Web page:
Chase Briscoe will miss Kevin Harvick for several reasons when his Stewart-Haas Racing teammate hangs up the helmet at year’s end. There will be no easy daily access to the veteran’s wisdom, whether it’s a question about racing or business.
The young driver of the No. 14 Stewart-Haas Racing Ford is honored to be on the list of teammates the future Hall of Famer had in his career. As Briscoe has climbed the ranks, he said it’s been huge for him to watch what makes Harvick tick, getting a behind-the-scenes look at one of the most successful drivers in the Cup Series.
But as change comes to SHR, so does opportunity.
“As he steps out, and Aric [Almirola] is probably not going be around much longer either, I’m going be the longest-tenured guy at SHR,” Briscoe said. “So as weird as that sounds, I definitely have been trying to take in as many mental notes as I can of how Kevin takes that leadership role. For me to be teammates with a guy (like that), I really don’t think it could have worked out any better for me.”
Harvick retires after this season, his 23rd in the Cup Series, while Almirola returned for another go around after initially saying he was done at the end of 2022. The expiration date on Almirola’s career has been extended for an indeterminate amount of time as he’s found a new love of the sport and a better home and work balance.
For Briscoe, his career is still in the infancy stages. A rough rookie season in 2021, where the No. 14 team had to battle through limited track time, gave way to a breakout in 2022 with a victory at Phoenix Raceway and a run into the Round of 8.
It may take for Briscoe to become the guy at Stewart-Haas, but he will use it wisely. There is still plenty the 28-year-old can learn.
“I think you figure it out, but at least for me, I pay attention to how Kevin does it,” said Briscoe. “Me and Kevin’s personalities are two totally different personalities, and how Kevin gets a point across is totally different of how I get a point across. It’s something I’ve talked to him about. I’m not like how he is in certain situations, so how can I get the same point across that you’re trying to get across?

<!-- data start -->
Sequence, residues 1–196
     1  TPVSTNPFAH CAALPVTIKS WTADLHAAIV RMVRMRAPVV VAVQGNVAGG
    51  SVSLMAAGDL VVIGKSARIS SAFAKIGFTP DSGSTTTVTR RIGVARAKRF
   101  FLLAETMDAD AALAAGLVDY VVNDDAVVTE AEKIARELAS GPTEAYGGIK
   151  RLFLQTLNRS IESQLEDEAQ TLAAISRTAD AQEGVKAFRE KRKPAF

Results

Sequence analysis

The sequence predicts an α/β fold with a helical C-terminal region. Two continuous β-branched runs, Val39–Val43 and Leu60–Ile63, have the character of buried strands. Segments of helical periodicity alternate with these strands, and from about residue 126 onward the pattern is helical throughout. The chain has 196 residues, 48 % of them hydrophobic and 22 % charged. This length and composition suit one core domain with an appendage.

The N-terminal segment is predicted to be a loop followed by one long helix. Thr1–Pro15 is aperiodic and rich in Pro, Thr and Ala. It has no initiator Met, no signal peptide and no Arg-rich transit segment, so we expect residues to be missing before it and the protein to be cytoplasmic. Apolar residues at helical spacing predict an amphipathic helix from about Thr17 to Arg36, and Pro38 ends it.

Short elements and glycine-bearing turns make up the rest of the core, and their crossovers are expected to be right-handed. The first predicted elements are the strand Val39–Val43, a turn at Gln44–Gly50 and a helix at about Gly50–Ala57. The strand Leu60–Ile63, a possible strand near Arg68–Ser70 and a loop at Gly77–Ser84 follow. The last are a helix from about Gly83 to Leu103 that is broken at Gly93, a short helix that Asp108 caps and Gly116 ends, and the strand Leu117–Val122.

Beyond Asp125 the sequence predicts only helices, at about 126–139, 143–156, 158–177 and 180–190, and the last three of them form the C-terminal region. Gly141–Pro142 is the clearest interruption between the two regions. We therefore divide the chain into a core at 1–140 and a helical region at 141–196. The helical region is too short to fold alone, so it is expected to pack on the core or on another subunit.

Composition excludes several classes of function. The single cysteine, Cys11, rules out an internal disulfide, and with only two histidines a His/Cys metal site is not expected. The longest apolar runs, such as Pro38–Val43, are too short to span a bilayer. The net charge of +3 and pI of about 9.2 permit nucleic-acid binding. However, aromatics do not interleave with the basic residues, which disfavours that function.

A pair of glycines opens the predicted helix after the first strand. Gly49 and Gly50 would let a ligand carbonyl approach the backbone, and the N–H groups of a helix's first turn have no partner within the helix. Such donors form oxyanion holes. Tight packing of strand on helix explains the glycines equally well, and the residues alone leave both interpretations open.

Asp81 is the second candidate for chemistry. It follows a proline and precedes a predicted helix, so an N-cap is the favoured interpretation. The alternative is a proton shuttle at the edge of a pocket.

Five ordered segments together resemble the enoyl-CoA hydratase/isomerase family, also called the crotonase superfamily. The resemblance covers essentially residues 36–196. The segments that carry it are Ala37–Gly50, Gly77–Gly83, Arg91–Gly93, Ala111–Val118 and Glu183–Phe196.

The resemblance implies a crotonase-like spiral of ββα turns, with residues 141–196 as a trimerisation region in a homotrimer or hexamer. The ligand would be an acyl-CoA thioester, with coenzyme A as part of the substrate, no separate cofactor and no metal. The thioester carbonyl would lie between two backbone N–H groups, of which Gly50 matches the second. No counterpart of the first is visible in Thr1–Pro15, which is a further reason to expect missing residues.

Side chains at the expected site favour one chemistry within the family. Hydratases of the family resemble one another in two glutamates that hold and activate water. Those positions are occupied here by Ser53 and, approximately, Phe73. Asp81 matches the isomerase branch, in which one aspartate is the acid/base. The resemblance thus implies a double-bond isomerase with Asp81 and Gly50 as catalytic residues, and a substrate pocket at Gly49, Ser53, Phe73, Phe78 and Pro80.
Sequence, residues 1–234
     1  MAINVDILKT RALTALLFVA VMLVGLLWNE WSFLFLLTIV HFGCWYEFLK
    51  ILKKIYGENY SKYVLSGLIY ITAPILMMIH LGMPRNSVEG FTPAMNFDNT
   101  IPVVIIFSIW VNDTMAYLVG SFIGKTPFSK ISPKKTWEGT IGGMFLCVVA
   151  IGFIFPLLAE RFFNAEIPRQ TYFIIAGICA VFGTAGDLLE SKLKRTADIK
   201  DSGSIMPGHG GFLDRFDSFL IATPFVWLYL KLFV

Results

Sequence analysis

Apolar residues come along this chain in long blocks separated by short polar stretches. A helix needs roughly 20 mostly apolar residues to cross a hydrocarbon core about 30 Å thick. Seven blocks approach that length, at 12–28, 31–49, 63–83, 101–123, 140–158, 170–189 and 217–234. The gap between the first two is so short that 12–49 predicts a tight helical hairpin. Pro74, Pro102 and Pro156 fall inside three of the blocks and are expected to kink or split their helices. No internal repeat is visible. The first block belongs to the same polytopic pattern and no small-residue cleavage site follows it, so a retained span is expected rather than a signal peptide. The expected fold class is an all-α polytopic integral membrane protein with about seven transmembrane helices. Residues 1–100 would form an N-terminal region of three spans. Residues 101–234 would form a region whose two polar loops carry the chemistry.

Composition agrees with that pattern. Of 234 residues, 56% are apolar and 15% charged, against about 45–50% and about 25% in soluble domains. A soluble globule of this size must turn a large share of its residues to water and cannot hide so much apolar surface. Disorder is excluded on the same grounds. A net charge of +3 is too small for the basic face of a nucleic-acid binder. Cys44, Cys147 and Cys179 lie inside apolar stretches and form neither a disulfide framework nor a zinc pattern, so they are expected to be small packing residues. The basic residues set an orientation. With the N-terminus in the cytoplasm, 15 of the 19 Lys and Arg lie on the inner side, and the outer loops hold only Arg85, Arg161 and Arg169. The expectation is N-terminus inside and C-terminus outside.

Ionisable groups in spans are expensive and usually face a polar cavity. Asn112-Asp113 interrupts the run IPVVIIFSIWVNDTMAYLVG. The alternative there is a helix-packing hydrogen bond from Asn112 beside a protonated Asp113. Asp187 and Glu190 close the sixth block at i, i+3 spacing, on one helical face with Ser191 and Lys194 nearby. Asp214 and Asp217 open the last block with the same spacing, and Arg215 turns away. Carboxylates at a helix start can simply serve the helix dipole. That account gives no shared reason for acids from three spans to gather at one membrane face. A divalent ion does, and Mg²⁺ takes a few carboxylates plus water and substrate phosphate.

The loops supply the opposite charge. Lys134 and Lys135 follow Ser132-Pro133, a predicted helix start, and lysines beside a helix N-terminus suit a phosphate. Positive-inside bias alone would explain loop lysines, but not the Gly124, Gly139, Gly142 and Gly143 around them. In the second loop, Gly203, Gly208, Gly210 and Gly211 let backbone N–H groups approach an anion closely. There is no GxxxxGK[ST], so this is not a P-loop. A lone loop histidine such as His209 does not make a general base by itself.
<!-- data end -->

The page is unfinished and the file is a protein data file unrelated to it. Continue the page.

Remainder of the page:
“He’s told me things and just being able to be behind closed doors with him in meetings and things like that…just (seeing) how he operates. I think he does such a good job of always circling back to the point. He might go 100 different directions, but he always ends and gets his point across, so I’m just trying to take as many of those notes as I can of how he does it and how he leads because he is the leader at our company and has been able to steer the ship for a really long time.
“When he’s gone, somebody is going to have to take over that role, whether that’s me or not. If it is me, I want to be prepared for that because it’s going to be a crucial point for our organization… When you lose a guy like Kevin, who is a Hall of Famer, you can kind of get spiraled off pretty quickly when you don’t have his leadership there, so I’m just trying to figure out what I can do to try to steer the ship in the same direction that we’ve been going.”